(Written in 2007 - the exact date has been lost)
Neglect is not the right word to describe the Newstones and Baldstones outcrop of beautifully sculptured boulders, elegantly cast along a slight ridge, past the steeper Ramshaw, a buffer between the increasingly popular The Roaches and the relatively unknown Gib Torr. Though all four of these closely bunched, world class grit stone havens have been developed to within an inch of their lives over the decades since their hidden treasure troves of problems were first discovered, within today’s ever expanding and increasingly less experienced by average climbing community, certain bouldering spots are not seeing similar levels of traffic as others.
With indoor walls continuously sprouting in towns and cities around the UK, the number of new climbers taking up the sport is astronomical, and their first excursions, second excursions, and most subsequent excursions into the great outdoors, where climbing means something, where the rock you ascend, traverse, descend and fall from will be around for a millennia, is more often than not chosen for its safety and comfort – the popular being the safest and most comfortable, the very reason for its popularity, feeding the perpetual cycle. Easy access is paramount – with well-trodden paths, chalk soaked holds, unnaturally flattened ground and beta from the dozens of climbers around making the experience all the more ‘indoorsy’.
This isn’t to say that Newstones and Baldstones (to be known as N&B for the remainder of this article) has been abandoned – quite the contrary. The rock is splattered with chalk, greasy holds are abundant, landings have been carved out of the previously un-level, plant-strewn surface and climbers can be seen there on a daily basis. The difference between N&B and The Roaches, however, is one born of this contemporary culture of rock climbing popularity – a shift into the mainstream. The contrast between N&B (which, for the purpose of this screed, and to save valuable wordage, includes Ramshaw and Gib Torr) and The Roaches can be used as a microcosm for any other well-developed, multi-crag region within the UK.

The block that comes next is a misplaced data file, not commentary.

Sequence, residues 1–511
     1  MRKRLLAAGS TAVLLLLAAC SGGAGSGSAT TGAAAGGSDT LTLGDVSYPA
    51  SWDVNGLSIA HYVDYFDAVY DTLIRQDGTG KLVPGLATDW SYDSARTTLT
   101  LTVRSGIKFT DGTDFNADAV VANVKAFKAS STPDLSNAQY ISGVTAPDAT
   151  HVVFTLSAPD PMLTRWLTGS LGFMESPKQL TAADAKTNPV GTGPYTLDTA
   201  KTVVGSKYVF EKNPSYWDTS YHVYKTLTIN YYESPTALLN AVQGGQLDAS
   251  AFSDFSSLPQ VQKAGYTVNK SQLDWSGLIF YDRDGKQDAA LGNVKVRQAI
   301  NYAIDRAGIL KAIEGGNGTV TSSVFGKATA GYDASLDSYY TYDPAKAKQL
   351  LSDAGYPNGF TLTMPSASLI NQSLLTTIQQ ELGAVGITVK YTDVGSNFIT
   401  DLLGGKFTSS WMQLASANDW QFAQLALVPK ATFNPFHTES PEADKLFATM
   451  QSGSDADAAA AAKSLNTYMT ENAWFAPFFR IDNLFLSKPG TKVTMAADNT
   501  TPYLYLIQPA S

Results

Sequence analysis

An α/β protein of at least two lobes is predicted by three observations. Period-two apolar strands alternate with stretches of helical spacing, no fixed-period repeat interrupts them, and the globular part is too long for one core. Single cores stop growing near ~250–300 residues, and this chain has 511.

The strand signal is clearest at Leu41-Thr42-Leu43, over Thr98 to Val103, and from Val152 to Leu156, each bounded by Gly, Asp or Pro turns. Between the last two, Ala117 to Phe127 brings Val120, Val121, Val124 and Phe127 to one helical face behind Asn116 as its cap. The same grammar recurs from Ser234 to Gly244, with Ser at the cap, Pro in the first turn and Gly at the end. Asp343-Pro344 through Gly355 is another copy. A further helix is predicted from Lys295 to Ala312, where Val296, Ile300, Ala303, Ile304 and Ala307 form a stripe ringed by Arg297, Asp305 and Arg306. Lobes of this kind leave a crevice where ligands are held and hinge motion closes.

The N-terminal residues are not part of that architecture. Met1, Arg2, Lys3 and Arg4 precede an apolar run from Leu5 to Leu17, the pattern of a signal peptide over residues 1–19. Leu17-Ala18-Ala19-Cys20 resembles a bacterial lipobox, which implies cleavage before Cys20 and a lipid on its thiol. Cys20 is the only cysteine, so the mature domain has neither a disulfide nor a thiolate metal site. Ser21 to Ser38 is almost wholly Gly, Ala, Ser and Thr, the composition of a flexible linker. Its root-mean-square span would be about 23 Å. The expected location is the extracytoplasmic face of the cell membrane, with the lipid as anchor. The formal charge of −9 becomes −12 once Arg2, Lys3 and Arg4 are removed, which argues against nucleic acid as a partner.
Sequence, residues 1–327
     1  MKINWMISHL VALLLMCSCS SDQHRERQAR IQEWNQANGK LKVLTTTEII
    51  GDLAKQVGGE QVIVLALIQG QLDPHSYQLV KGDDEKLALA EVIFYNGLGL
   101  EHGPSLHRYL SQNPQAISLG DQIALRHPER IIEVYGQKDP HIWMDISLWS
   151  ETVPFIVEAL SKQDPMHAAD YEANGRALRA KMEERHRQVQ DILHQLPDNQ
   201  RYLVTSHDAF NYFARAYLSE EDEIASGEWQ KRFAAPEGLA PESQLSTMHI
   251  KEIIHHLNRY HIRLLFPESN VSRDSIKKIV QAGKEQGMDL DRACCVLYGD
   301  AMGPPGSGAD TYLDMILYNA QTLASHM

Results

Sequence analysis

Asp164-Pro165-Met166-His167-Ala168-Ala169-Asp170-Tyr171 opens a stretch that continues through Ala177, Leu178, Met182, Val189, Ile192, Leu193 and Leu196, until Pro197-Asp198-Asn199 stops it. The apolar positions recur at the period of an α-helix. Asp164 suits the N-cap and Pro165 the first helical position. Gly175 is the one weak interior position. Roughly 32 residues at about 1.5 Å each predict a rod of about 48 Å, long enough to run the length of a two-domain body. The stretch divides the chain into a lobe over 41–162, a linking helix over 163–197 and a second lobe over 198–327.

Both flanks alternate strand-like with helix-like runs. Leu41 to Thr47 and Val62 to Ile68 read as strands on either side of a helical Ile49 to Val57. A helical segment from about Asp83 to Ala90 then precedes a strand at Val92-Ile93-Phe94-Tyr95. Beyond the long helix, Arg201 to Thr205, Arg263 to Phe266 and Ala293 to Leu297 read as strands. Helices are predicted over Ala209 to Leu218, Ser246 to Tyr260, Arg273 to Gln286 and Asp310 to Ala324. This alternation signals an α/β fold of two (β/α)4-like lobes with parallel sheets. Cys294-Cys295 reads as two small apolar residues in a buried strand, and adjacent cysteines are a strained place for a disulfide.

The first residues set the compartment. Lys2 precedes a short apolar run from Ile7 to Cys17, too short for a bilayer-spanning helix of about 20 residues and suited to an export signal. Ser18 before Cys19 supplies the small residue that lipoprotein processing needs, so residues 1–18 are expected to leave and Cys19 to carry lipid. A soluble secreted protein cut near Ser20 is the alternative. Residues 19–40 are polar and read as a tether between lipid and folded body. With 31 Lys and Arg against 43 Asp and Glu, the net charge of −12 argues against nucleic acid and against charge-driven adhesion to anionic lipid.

On any given weekday, there are dozens – now possibly even approaching triple figures – of people climbing at The Roaches, not to mention the walkers who pass between its beautiful trees, over the bright green, moss covered carapace, hiding the brown, grey and orange rock beneath. The tidal wave of human activity can be felt every available dry day that Mother Nature deems to cast among those drowned in swathes of rain, sleet and snow. The traffic jam of homo sapien activity is constantly engorged – there is never a rest for this incredible landscape. Those with years of rock climbing experience under their metaphorical belts, or simply any common sense, know to avoid The Roaches entirely on weekends, when the tidal wave is at its peak. It has become a huge tourist pull for the region – and rightly so, as the views, walks, rocks, history, and abundance of tea rooms, have all added to its appeal. It is a superb place to visit and denying anyone the pleasures on offer there would be a crime – unless, of course, those peregrine falcons are nesting on the Upper Tier again. Then access is rightly restricted.
N&B, on the other hand, has been relatively neglected. As mentioned earlier, neglect is probably the wrong word; under-valued, passed over, left to the few, pushed to the back of the visitor destination queue. And there are many that would appreciate it staying this way.
Its time is coming, however, and, before long, there will be the crowds gathering beneath its gorgeous problems, pulling on those exquisitely crafted crimps, slopers, pinches and jugs. Those who have visited N&B know its charms, its quirky appeal, the blissful peace and quiet, except for the odd wail of a pheasant or bark of a dog. This is not to say that on every arrival the climber must bear the brush of cleansing and remove the grimy, slimy dust and matter that has collected on the rock, because there are people there, maneuvering their way up, across and between the plethora of problems on every available day, but the numbers are so much smaller than at its neighbour, and those who do deem it worthwhile to peruse the rocks every so slightly further afield are, on average, more experienced. This affects the whole atmosphere of the place – giving it a relaxed, sometimes detached feel.
Landings have, again, been battered into shape through years of falls, bouldering pads and foot shuffling, and the rock bears the scars of years of abrasive pulling, pushing, grabbing and slapping. But there is a calmness about the area that is difficult to now find at The Roaches, unless you abandon the beaten path, to satellite sections of problems, such as the Cube, Attic and Cellar areas. Even Doxley’s Pool, itself out of the way of the humdrum that can be found in the Upper and Lower Tiers, now sees streams of human activity roll past, leisurely strolling along, stopping now and again to watch those clambering over the puddles and mud at the base of the boulders.
This, thankfully, cannot be found in such abundance at N&B. Discussing the matter in an open forum such as this seems a contradiction, but the inevitable will happen; the day will come when N&B begins to have a climber on every other problem, when queues form to climb the classics and demi-classics. The overflow will occur; The Roaches is reaching tipping point, when visitors will spill into the surrounding area in ever greater numbers, bringing with them more expensive cafes and tea rooms, ever elaborate maps, trails, boards, and hoardings that describe the flora and fauna of the area.
It is occurring now, it has been occurring for years, as, incrementally, more people reach out for something new, somewhere new, paving the way for the masses.